Still another example of the invention will now be described. This is an example of low-frequency pulsation as performed with drive patterns that are intended to produce smaller peak values in the spectrum of torque pulsation. FIG. 38 shows the results of simulation of the torque spectrum that would be obtained when a motor of the same type as used in Example 1 were driven by repeating three different patterns that produce the same percent energization, i.e., 1-ON/2-OFF, 2-ON/4-OFF and 4-ON/8-OFF patterns (see FIG. 37). As one can see from FIG. 38, the greatest torque pulsation was caused by a frequency component of 140 Hz and the pulsation level was -71.6 dB. Comparison with the maximum peaks of torque pulsation shown in FIGS. 24, 29, 30 and Table 1 indicates that the pulsation level -71.6 dB is 2.9 dB lower than -68.7 dB which is the maximum value for the 1-ON/1-OFF pattern in Example 1 and 1.7 dB lower than -69.9 dB which is the maximum value for the 4-ON/8-OFF pattern in Example 1.

Looking at Table 1, one can see that the 1-ON/2-OFF, 2-ON/4-OFF and 4-ON/8-OFF patterns produce spectral peaks at slightly varying frequencies. Hence, by driving the motor according to the sequence of those patterns, the frequencies of spectral peaks can be sufficiently distributed to produce smaller spectral values.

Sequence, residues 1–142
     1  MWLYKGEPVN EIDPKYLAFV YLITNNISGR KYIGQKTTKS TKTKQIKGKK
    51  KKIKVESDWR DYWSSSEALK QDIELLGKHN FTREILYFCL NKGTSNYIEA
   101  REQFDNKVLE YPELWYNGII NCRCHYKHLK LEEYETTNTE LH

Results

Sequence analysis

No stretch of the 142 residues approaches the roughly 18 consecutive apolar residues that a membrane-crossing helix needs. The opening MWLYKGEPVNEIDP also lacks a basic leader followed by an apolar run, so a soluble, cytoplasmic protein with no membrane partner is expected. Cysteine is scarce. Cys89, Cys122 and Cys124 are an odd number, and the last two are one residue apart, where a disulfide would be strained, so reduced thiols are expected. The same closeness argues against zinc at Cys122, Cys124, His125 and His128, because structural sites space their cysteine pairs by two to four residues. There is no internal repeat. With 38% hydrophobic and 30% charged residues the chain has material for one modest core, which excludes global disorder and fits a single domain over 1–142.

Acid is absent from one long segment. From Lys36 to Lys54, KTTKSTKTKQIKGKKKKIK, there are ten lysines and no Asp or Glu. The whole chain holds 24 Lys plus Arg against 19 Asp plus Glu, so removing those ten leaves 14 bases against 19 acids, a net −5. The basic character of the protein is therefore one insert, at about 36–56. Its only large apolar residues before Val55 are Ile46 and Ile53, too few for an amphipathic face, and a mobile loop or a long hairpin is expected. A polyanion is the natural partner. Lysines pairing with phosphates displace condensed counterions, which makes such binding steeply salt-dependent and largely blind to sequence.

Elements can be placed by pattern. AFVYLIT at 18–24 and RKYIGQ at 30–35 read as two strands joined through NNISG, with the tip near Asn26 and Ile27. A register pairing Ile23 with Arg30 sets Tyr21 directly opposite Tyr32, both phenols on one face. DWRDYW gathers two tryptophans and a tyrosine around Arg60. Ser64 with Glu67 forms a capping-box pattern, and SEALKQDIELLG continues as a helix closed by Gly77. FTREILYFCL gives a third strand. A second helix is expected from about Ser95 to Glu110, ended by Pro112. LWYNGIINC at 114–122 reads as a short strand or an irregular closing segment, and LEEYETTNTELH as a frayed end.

Thus, the torque level and, hence, the noise and vibrations can be reduced by combining several drive patterns that yield the same percent energization.

The foregoing description assumes that the number of energization or de-energization cycles (times) is an integral multiple (e.g. 1, 2, . . . ) of the power source period. It should, however, be understood that those cycles may be counted in integral multiples of one half the cycle period of power source, e.g. 1.5, 2.5, 3.5 . . . An example is driving to a 1.5-ON/3-OFF pattern and FIG. 40 shows the result of simulation of the torque waveform that would be produced in this case. Obviously, the waveform is of an intermediate nature between the waveforms shown in FIGS. 26 and 28 and a satisfactory result was attained by energizing the motor through a number of cycles that is an integral multiple of one half the source period.

FIG. 41 shows how the rotational speed of a motor varied when the number of ON cycles was changed with the percent energization α being held at a constant value. Obviously, 1.5 ON cycles, 2.5 ON cycles and 3.5 ON cycles are equally applicable.